I left home for work at 7.30 am and landed in office at 9.45. All thanks to Mumbai’s traffic. I am obviously not excited about the people’s car right now.
The world’s raving about it. The general public is believed to have loved it at first sight. India, it seems, has made a mark in the international automobile market. Applying for 34 patents for the car is proof enough of the kind of scientific /technological breakthroughs this car has acheived. I am with you in celebrating this achievement. But I worry too much about the social implications.
If everybody will be able to afford a car, they are naturally going to ditch their good old scooter/motorcycle and invest in a four-wheel drive. That means cars will become a bit like what cell phones became a few years back- omnipresent. Are our roads equipped to take that kind of traffic? No way! (Driving to my office one day will give you a fair idea of what I mean). We don’t have sufficient space on the roads. We don’t have the best traffic sense. And we most certainly don’t believe in following traffic rules (especially if the much-revered pandu is not seen lurking around some street corner). With more and more reckless drivers bringing their cars onto the roads, the roads are only going to get more unsafe. More traffic would mean higher stress levels on the roads, possibly added road rage and definitely higher pressure on the handful of traffic policemen who direct the traffic. This is just what will happen to our roads, I haven’t even started talking about the environmental effects. Using up of higher quantities of fossil fuels, higher expenditure by the nation on crude oil, increased air and noise pollution. And God only knows what else. Somehow these thoughts don’t make me too happy.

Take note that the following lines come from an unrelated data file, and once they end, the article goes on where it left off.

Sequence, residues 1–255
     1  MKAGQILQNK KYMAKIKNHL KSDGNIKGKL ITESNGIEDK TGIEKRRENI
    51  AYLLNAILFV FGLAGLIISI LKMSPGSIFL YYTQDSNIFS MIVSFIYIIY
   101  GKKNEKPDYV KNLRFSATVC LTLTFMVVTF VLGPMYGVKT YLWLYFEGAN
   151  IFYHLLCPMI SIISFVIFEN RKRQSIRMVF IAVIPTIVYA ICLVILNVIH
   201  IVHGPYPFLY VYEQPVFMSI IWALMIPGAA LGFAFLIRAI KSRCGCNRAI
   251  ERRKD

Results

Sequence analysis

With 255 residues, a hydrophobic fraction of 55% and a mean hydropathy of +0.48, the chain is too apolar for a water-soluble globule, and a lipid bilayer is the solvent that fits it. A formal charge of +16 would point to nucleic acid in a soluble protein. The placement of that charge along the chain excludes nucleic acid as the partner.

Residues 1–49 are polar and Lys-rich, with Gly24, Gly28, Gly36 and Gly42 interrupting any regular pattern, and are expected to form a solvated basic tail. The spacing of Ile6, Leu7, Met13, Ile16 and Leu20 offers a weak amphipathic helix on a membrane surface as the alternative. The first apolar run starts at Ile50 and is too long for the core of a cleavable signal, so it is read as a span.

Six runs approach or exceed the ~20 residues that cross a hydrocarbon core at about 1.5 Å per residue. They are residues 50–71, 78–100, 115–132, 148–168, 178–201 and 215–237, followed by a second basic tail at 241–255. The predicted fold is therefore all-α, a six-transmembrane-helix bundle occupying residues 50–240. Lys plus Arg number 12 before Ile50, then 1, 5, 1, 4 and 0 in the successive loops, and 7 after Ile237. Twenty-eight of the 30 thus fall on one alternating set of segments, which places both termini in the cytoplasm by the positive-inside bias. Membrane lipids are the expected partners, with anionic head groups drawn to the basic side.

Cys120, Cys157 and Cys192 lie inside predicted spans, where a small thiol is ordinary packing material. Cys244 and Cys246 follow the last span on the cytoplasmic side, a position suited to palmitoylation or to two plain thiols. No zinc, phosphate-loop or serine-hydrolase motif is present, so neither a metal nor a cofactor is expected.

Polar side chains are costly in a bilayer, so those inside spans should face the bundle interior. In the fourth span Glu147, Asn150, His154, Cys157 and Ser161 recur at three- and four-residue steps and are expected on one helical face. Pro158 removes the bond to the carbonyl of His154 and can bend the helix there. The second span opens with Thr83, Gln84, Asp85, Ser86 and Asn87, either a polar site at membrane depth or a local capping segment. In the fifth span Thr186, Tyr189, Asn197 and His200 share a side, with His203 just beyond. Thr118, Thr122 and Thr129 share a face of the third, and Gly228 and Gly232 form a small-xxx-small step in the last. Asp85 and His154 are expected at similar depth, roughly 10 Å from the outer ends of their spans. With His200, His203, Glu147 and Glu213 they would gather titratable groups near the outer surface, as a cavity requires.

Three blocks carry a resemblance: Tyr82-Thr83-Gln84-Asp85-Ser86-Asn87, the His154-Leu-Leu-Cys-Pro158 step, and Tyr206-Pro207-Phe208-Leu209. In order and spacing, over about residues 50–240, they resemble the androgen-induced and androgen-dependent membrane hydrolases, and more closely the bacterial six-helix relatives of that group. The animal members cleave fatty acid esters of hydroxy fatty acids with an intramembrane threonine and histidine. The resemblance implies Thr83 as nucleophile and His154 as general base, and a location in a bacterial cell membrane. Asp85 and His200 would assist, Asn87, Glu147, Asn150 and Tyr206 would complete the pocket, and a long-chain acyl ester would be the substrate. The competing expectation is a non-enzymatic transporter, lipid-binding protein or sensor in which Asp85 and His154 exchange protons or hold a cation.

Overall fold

But isn’t this what development/industrialization is about? We displace hoards of people to set up industries. I don’t agree to that but can I do without industrialization? No. The Nano is a exceptional feat, there is no denying that. And it surely makes the country proud to have designed and manufactured the cheapest car in the world . Plus, isn’t an affordable car essentially about upward social mobility? So why should we ‘prevent’ people from moving up the social ladder?
What’s more important for us? Environment or development? (Note to social worker friends who read my blog: Please don’t stat a discussion about “what is development” here , puhleeease!) I don’t know. Right now both seem important to me.
If after reading my non-conclusive ramble about the Nano you are up some more reading , go here to read an interview of Ratan Tata. I like the man but I still don’t know if I like his car!